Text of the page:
However, he demonstrated his political astuteness by refusing the dictatorship and the titles that came along with it. During his reign, Augustus had an extensive building program. He built things such as the Ara Pacis, Horologium, the Forum of Augustus, the Mausoleum of Augustus , the Theater of Marcelus, the Baths of Agrippa, and the Pantheon . He also made many repairs to existing buildings. There were a couple of statues that were made of him too, the most famous being the Prima Porta.* Augustus was completely dedicated to the beautification of Rome.
To further his power, he became pontifex maximus in 12 B.C. and was named pater patriae, or father or his country, in 2 B.C. The type of government that he had set up came to be known as principate, or "rule by the first citizen." While maintaining a Republican facade, he retained complete authority suntil he died in A.D. 14. His adopted son Tiberius took over his powers as emperor.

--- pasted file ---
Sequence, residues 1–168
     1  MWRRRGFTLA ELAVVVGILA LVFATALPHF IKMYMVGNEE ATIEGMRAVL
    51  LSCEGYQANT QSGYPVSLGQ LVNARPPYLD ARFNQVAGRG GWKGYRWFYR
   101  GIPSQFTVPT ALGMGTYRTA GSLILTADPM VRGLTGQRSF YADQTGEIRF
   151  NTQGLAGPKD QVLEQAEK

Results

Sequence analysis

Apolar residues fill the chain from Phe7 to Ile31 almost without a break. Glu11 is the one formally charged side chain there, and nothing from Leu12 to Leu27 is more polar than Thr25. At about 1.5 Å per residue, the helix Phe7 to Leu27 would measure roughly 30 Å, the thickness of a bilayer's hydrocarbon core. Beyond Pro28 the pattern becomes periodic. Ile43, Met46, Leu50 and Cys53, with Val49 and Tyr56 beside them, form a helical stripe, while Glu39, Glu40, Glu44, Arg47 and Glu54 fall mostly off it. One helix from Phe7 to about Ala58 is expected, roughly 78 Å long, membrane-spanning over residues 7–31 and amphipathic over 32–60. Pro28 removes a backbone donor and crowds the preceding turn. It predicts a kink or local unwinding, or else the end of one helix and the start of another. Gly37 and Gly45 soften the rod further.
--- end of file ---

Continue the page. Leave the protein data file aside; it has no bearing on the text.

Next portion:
* - The Prima Porta is a larger-than-life size statue. It portrays Augustus addressing his troops. He is in his middle years with a face that is grave and firm. The center of the breastplate has a scene depicting the return of the standards captured from Crassus and Antony by the Partheans. Above, under a figure representing the sky, is the sun in his chariot preceded by the dawn with the moon giving place to them. Below is Mother Earth with a cornucopia and two children, representing the prosperity that comes with peace. On either side are Augustus' two particular divine patrons, Apollo with his lyre and Diana on a stag. The Prima Porta is currently in the Vatican.